When HV-ECU 26 determines that refresh of battery B is not required (NO in step S20), HV-ECU 26 returns the process to the main routine without performing a series of subsequent processes. On the other hand, if HV-ECU 26 determines that battery B needs to be refreshed (YES in step S20), HV-ECU 26 obtains remaining fuel level FUEL of engine 16 detected in fuel tank 18 (step S30). Then, the HV-ECU 26 determines whether or not the refresh control of the battery B can be performed based on the acquired remaining fuel amount FUEL (step S40). Specifically, the HV-ECU 26 determines that the refresh control of the battery B is not performed when the remaining fuel amount FUEL is smaller than a preset threshold value. Here, the threshold value is a fuel that allows the engine 16 to continue to operate during the refresh control while the SOC is below the minimum amount that can secure the electric power required to start the engine 16 by the motor generator MG1. It is the remaining amount.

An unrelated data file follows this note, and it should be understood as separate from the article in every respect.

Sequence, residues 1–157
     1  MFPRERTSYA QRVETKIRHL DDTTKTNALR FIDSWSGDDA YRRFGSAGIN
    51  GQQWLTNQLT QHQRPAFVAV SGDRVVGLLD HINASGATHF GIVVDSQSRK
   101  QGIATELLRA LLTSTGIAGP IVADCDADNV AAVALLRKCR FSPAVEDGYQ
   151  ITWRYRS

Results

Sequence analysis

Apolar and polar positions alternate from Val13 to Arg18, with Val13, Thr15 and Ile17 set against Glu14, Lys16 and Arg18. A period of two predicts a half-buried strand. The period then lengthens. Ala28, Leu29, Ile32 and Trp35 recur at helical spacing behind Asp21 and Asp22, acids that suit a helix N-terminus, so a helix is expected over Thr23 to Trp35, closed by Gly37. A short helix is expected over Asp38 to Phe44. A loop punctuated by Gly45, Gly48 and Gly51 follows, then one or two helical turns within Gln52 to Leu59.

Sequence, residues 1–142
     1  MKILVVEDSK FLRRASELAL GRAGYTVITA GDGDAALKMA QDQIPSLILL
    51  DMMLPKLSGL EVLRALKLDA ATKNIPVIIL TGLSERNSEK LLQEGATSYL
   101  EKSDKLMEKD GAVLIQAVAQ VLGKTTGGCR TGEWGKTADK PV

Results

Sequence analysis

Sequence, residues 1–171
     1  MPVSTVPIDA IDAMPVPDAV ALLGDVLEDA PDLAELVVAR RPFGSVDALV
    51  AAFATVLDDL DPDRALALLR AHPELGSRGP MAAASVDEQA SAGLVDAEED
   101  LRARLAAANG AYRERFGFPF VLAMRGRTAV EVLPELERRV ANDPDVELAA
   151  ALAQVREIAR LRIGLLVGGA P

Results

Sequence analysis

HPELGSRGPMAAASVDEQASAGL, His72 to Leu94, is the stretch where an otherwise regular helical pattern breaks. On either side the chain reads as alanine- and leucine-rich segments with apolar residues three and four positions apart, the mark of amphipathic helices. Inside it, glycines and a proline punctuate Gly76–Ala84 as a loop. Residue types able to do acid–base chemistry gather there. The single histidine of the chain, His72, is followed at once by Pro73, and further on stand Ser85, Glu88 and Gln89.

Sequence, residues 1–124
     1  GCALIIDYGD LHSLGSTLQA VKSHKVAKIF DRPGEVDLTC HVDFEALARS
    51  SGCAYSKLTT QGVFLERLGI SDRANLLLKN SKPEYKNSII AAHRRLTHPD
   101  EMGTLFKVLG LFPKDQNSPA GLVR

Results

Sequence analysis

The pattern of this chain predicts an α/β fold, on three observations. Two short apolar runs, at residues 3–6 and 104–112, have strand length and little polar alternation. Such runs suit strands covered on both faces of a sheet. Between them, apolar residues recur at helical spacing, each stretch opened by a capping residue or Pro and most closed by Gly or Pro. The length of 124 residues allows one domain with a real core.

FIG. 5 is a diagram showing a change in the SOC during the refresh control. Referring to FIG. 5, the vertical axis indicates the SOC of battery B, and the horizontal axis indicates the elapsed time. Prior to time t1, refresh control of battery B is started, and refresh discharge is completed at time t1. Then, the SOC calculated value (SOC calculated value used for SOC control) is reset between times t1 and t2, and charging of battery B is started from time t2.

  Here, value SE indicates the lowest line at which engine 16 can be started by driving motor generator MG1 using electric power from battery B. That is, when SOC falls below value SE, motor generator MG1 cannot be driven to start engine 16. Therefore, if the commercial power supply 44 fails during the period ΔT when the SOC is lower than the value SE, the engine 16 cannot be started when the engine 16 is stopped, and the SOC is also lowered. It becomes impossible to run.